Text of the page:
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Professor proposes cell phone app that could help firefighters track wildfires

Spotting wildfires before they spread? There may soon be an app for that.

A professor at UC Berkeley argues there’s technology available now to develop an app that would use satellite imagery from the National Oceanic and Atmospheric Administration (NOAA) to search for hot spots.

When it comes to large scale wildfires, CAL FIRE Riverside Battalion Chief Tim Chavez says finding the fire isn’t always as easy as it seems.

“Some of the fire we can see it and we know where it’s at but most of the fire, we have no idea where it’s at until we get an infrared over the fire later that night,” Chavez said.

Now, new satellite technology from NOAA’s GOES West satellite is helping firefighters potentially detect wildfires before they spread.

The National Weather Service is able to check the satellite imagery and then send text messages out to alert firefighters about hot spots in real time.

“So say we have a small fire break out and it gets to about 10 acres, we have something light up on that satellite image that will give us an idea that a fire is in that location from the fire temperature itself,” explained National Weather Service Warning Coordination Meteorologist Eric Boldt.

UC Berkeley professor Jeff Chambers argues this technology could be used to develop an app that would allow firefighters to see fire movement and project in which direction the fire is burning.

Chambers and his students discovered this after downloading GOES satellite images from the Camp Fire and watching the fire advance.

“The information is out there and it’s in the open and it’s not a puzzle, it’s just developing an interface that’s usable on the fire ground that’s the only thing,” Chavez said.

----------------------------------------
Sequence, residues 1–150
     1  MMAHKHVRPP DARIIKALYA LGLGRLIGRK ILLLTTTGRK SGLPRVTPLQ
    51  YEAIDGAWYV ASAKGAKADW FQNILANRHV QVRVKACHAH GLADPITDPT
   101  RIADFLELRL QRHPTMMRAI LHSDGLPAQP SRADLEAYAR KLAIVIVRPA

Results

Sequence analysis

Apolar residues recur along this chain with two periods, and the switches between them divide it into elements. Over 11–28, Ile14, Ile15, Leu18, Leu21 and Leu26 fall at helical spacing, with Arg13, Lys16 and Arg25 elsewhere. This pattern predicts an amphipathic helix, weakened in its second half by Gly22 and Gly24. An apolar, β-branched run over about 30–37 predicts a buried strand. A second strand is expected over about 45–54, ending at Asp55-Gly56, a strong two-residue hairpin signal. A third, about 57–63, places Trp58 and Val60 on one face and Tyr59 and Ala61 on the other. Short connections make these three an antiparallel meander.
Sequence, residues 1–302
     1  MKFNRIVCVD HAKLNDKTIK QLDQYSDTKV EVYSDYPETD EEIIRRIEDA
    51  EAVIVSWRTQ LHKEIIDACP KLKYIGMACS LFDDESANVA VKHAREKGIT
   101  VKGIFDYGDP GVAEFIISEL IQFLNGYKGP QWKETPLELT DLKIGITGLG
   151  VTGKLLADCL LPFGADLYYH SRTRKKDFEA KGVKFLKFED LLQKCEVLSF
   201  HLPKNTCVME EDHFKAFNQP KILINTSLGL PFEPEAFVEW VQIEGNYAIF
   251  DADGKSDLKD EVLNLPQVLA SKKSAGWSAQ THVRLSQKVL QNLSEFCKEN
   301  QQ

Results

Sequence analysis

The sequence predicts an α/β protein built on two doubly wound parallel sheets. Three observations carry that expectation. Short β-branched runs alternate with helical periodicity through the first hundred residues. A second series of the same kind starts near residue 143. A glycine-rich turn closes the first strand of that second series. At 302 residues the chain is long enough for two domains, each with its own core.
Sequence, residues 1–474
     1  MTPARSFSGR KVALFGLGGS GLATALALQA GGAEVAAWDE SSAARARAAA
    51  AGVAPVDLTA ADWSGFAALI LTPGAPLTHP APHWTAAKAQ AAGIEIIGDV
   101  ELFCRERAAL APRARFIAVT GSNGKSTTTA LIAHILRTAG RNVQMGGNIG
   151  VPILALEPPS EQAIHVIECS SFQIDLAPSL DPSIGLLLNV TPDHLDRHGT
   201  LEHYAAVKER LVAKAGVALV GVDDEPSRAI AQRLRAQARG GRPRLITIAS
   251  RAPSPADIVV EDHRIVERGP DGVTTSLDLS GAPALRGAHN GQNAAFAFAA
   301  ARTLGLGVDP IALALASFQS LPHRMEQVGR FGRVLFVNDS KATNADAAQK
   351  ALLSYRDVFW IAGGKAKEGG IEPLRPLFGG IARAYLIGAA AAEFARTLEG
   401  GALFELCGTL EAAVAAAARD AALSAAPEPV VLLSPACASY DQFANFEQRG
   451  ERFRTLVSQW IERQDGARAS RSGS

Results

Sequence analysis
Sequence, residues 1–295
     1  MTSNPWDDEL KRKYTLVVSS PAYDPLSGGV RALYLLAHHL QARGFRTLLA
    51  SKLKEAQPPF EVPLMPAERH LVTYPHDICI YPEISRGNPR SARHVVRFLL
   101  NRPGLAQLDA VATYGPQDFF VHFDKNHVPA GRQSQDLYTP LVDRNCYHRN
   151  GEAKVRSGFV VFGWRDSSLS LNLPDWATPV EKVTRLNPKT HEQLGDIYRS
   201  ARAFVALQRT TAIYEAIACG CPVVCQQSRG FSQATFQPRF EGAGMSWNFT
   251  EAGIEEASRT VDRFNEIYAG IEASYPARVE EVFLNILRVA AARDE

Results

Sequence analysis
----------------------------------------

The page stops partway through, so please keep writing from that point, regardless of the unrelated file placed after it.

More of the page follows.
While firefighters are often alerted to fires minutes after they happen, Chavez says having this imagery would be helpful in rural areas that are harder to access.

“The cell service in rural areas is getting better and better and better so that allows the ability of maybe getting the data down to a cell phone or computer in real time. We use a program called Scout that has some very limited satellite capabilities. Those satellites only pass a couple times a day. The difference here is this is real time, every 15 minutes getting a location of the fire’s edge,” he explained.

The National Weather Service says this satellite can also detect the intensity of lightning strikes, which they say will be helpful to firefighters as well.

While the UC Berkeley professor says this app technology can be developed, there’s no word yet on who would be taking on the project. He suggests building a satellite solely for fire detection.

CAL FIRE SLO says they already use something similar to this technology called VIIRS.

Melissa Newman

Melissa Newman

Melissa Newman is a multi-media journalist for KSBY News. You can send her story ideas at mnewman@ksby.com.
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